Egypt’s parliament passes amended NGOs Act, Social Security and Pensions Act in final rush before summer
LEGISLATION WATCH- The House of Representatives’ general assembly officially passed the amended NGOs Act yesterday, which will now replace the contentious original version that was issued in 2017, according to Masrawy. The new law grants NGOs and other civil society organizations a grace period of one year to comply with the law, after which violators will be subject to several penalties including having their operating licenses revoked. Prison sentences imposed on violators have been scrapped from the new law and replaced with monetary fines. You can read our full recap of the amended legislation here.
Civil society is still not happy: Ten local and international rights groups issued a statement last week slamming the new law as “a re-marketing of the repressive law that contains a hostile attitude towards civil society groups,” Reuters reports. The groups say that the changes made to the law are not enough, and should be accompanied by a “revamping” of other laws that restrict civil society.
The House also granted its final approval to the Social Security and Pensions Act, which will see 21% of public and private sector workers’ salaries going towards a newly-established pension fund, Ahram Gate reports. The percentage taken out of employee salaries will increase 1% once every seven year until it hits 26%. The law will also require the fund to provide quarterly and annual financial reports to the presidency, cabinet, and parliament for transparency purposes. You can check out the full text of the law, courtesy of Masrawy.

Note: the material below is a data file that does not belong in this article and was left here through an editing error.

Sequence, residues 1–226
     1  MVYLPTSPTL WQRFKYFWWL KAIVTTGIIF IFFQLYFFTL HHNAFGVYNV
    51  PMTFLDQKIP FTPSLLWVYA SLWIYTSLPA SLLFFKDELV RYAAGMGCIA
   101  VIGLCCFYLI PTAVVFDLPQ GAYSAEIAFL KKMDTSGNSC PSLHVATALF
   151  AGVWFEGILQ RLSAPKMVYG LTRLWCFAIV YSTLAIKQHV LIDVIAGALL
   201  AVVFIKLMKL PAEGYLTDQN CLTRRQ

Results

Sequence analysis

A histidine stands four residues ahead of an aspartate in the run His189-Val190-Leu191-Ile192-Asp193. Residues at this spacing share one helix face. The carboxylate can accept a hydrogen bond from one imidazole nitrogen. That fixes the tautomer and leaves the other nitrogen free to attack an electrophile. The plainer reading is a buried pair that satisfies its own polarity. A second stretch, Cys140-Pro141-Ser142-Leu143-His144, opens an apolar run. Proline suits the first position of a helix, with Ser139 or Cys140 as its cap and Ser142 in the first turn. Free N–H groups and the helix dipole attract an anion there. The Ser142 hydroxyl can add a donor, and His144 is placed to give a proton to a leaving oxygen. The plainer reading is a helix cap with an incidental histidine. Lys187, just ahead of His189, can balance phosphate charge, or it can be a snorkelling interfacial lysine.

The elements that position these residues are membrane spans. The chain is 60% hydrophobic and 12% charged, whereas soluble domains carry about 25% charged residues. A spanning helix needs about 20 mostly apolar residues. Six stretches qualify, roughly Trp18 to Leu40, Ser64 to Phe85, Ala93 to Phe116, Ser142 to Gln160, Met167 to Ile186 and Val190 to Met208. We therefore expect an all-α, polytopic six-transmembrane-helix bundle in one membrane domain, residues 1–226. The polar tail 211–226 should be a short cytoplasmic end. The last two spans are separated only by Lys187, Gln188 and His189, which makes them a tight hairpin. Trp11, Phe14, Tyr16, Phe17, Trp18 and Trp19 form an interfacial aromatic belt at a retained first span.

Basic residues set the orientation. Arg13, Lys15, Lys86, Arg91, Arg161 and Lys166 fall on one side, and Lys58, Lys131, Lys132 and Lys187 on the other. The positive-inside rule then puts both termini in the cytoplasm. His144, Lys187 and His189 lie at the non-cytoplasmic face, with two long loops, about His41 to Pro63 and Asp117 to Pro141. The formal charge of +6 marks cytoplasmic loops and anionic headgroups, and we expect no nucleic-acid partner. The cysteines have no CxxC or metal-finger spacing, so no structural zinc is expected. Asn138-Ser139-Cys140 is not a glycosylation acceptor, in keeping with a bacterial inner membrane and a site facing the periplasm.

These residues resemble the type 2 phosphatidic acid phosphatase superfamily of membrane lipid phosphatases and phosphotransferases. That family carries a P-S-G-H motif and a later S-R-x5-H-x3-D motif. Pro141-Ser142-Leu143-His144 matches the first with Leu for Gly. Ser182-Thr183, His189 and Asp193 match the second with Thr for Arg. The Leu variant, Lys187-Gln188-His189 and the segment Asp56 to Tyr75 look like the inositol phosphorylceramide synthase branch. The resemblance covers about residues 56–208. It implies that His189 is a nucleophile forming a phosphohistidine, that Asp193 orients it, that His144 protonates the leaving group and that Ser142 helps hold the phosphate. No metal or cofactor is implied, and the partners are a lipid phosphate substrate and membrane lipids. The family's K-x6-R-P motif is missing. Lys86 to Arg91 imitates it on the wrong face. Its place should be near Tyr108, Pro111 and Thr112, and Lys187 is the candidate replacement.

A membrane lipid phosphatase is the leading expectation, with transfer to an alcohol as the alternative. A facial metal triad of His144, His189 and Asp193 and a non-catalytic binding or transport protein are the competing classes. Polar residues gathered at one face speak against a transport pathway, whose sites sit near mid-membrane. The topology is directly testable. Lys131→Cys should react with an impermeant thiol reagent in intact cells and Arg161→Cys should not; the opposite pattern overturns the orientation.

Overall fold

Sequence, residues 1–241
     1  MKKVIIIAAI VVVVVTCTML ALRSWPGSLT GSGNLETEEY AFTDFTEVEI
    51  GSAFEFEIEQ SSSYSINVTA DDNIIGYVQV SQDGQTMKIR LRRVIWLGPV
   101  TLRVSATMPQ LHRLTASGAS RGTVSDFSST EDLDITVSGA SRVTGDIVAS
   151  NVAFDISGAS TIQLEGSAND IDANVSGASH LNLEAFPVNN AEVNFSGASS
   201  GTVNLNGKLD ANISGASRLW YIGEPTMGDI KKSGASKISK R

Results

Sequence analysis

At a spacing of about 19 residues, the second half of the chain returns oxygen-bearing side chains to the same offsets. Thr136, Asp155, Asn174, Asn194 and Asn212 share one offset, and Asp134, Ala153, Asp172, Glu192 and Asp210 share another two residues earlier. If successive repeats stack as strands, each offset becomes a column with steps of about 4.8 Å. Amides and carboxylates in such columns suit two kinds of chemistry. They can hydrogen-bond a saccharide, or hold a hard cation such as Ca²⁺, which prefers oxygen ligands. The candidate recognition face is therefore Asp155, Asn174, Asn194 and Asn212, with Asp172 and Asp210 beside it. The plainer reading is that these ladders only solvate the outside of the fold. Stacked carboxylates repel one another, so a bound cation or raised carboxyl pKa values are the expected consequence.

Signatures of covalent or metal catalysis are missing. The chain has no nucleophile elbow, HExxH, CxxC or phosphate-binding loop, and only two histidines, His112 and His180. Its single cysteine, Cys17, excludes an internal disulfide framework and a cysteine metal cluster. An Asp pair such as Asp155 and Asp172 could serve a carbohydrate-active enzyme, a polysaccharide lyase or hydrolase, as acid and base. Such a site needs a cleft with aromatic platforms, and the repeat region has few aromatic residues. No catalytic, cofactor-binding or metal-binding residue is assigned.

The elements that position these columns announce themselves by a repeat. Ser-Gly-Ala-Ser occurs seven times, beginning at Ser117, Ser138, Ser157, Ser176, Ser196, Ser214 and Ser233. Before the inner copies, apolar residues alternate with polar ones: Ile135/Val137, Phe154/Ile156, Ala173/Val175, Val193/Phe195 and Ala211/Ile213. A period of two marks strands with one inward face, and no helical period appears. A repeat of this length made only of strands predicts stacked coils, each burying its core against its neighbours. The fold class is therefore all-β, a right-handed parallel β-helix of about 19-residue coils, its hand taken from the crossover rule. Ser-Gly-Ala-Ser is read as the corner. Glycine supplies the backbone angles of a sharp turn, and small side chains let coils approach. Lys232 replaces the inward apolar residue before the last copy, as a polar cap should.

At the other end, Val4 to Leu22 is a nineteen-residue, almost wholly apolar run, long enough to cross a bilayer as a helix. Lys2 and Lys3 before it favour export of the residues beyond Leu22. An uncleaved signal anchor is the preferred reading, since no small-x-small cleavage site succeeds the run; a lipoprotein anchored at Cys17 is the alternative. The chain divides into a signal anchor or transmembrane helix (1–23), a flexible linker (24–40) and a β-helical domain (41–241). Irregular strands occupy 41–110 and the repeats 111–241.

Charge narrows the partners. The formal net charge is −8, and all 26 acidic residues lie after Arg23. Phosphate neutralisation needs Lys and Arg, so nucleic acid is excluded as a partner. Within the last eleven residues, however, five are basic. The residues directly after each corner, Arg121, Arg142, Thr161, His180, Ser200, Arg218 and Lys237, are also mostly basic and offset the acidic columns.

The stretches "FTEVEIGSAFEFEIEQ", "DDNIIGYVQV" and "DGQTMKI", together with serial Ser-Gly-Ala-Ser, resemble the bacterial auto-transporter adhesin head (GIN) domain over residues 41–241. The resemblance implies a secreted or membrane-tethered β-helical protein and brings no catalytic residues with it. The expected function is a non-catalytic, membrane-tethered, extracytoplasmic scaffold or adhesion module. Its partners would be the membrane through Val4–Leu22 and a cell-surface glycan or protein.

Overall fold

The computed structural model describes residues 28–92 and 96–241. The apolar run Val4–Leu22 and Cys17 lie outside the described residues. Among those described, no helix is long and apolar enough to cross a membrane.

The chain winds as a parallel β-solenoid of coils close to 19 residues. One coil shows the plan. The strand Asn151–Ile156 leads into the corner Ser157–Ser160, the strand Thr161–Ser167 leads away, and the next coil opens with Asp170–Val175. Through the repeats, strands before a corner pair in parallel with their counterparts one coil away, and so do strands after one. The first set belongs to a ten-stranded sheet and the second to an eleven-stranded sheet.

Amendments to the Economics Courts Act were also approved yesterday in a final vote in the House general assembly. The amendments widen the scope of the nation’s economic courts to cover new business and finance activity and expand the courts’ jurisdiction to cover more cases, including those pertaining to new non-banking financial services, money laundering, and bankruptcy. The changes will also allow for cases to be filed electronically and certain procedures to be completed online.
What the House didn’t get around to passing: The commercial rent law has been shipped back to the House Housing Committee for renewed discussion after it stirred controversy within Parliament, according to Masrawy. The bill, which would see commercial tenants who signed long-term leases before 1996 pay significantly higher rents, will be revisited in the next legislative session, which begins in October.